Crowds and Grandeur at the Great Wall
With the 60th anniversary of China becoming a communist republic approaching October 1, Claire Duffett took a jaunt around the country for the month of September, starting with Beijing. Nowhere does old and new China collide than in its Capital, and for the next five days, we'll share with you the most up-to-date tidbits on what to see and do, and how many yuan it will set you back.
Just 50 miles north of Beijing is the most visited portion of The Great Wall, Badaling. The hordes of tourists on this part of the wall have become almost as recognized as the long, brick barrier itself.
It takes about two hours to drive there by public bus from the city, and costs only 12 yuan (about US$2, entrance to the wall is another US$7 or so) per person, while a tour out to the site can cost upward of US$100—and you’ll be part of a horde of Chinese tourists in matching red hats led by a guide equipped with a colored flag and a megaphone.
One piece of advice however, is to pack a lunch. Whereas 95 percent of the visitors at the wall will be part of a tour that comes with packed lunch, the remainder are left to fend for themselves, and survive off $5 bags of seaweed-flavored potato chips.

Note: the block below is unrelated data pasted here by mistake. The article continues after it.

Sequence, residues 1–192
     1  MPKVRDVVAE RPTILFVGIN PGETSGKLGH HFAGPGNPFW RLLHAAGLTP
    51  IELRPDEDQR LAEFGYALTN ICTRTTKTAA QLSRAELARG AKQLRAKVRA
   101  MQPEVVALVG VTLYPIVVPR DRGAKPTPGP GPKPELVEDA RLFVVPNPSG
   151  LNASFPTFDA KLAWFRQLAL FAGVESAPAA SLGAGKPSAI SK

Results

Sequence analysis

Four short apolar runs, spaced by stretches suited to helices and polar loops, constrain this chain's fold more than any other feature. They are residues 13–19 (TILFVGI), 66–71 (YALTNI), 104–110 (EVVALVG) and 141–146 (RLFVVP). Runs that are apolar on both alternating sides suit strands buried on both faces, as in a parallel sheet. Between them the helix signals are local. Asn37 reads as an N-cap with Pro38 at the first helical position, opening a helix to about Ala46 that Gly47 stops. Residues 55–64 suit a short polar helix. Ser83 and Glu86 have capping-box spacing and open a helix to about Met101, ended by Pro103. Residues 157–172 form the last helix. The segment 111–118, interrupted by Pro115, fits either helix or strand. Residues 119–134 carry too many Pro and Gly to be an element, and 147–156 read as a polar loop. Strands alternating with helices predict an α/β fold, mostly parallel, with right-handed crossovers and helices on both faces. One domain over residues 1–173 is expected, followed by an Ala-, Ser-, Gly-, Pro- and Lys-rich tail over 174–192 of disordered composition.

Like everything in Beijing, the wall here has changed in the wake of Olympic development, with a set of giant rings adjacent to the most striking vista as the wall climbs up a steep hillside. Handrails and carefully maintained walkways also detract from the wall’s ancient feel.
If you want a quieter and more authentic experience, drive a bit farther from the city to Simatai, where travelers embark on days-long hikes along the wall, which is desolate and crumbling in parts. Since the wall was built over the course of more than 2,000 years, starting in 5th Century B.C. until the 1700s, visiting various portions of its remains provides vastly different experiences.
· China Travel Coverage [Jaunted]
· Beijing Travel Stories [Jaunted]